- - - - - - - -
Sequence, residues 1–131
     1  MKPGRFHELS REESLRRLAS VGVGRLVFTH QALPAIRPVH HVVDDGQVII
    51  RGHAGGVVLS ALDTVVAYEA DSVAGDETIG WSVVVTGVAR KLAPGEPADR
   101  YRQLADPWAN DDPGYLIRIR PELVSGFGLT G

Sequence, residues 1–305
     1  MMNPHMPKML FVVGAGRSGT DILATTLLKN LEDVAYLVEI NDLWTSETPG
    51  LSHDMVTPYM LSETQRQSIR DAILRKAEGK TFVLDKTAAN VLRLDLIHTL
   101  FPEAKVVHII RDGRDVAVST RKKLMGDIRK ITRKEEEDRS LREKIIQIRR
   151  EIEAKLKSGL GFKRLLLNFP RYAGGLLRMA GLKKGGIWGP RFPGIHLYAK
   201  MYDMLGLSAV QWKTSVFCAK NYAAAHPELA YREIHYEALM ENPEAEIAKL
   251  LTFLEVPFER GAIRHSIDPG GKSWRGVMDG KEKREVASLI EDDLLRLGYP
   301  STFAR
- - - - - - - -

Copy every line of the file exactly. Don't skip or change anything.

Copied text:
Sequence, residues 1–131
     1  MKPGRFHELS REESLRRLAS VGVGRLVFTH QALPAIRPVH HVVDDGQVII
    51  RGHAGGVVLS ALDTVVAYEA DSVAGDETIG WSVVVTGVAR KLAPGEPADR
   101  YRQLADPWAN DDPGYLIRIR PELVSGFGLT G

Sequence, residues 1–305
     1  MMNPHMPKML FVVGAGRSGT DILATTLLKN LEDVAYLVEI NDLWTSETPG
    51  LSHDMVTPYM LSETQRQSIR DAILRKAEGK TFVLDKTAAN VLRLDLIHTL
   101  FPEAKVVHII RDGRDVAVST RKKLMGDIRK ITRKEEEDRS LREKIIQIRR
   151  EIEAKLKSGL GFKRLLLNFP RYAGGLLRMA GLKKGGIWGP RFPGIHLYAK
   201  MYDMLGLSAV QWKTSVFCAK NYAAAHPELA YREIHYEALM ENPEAEIAKL
   251  LTFLEVPFER GAIRHSIDPG GKSWRGVMDG KEKREVASLI EDDLLRLGYP
   301  STFAR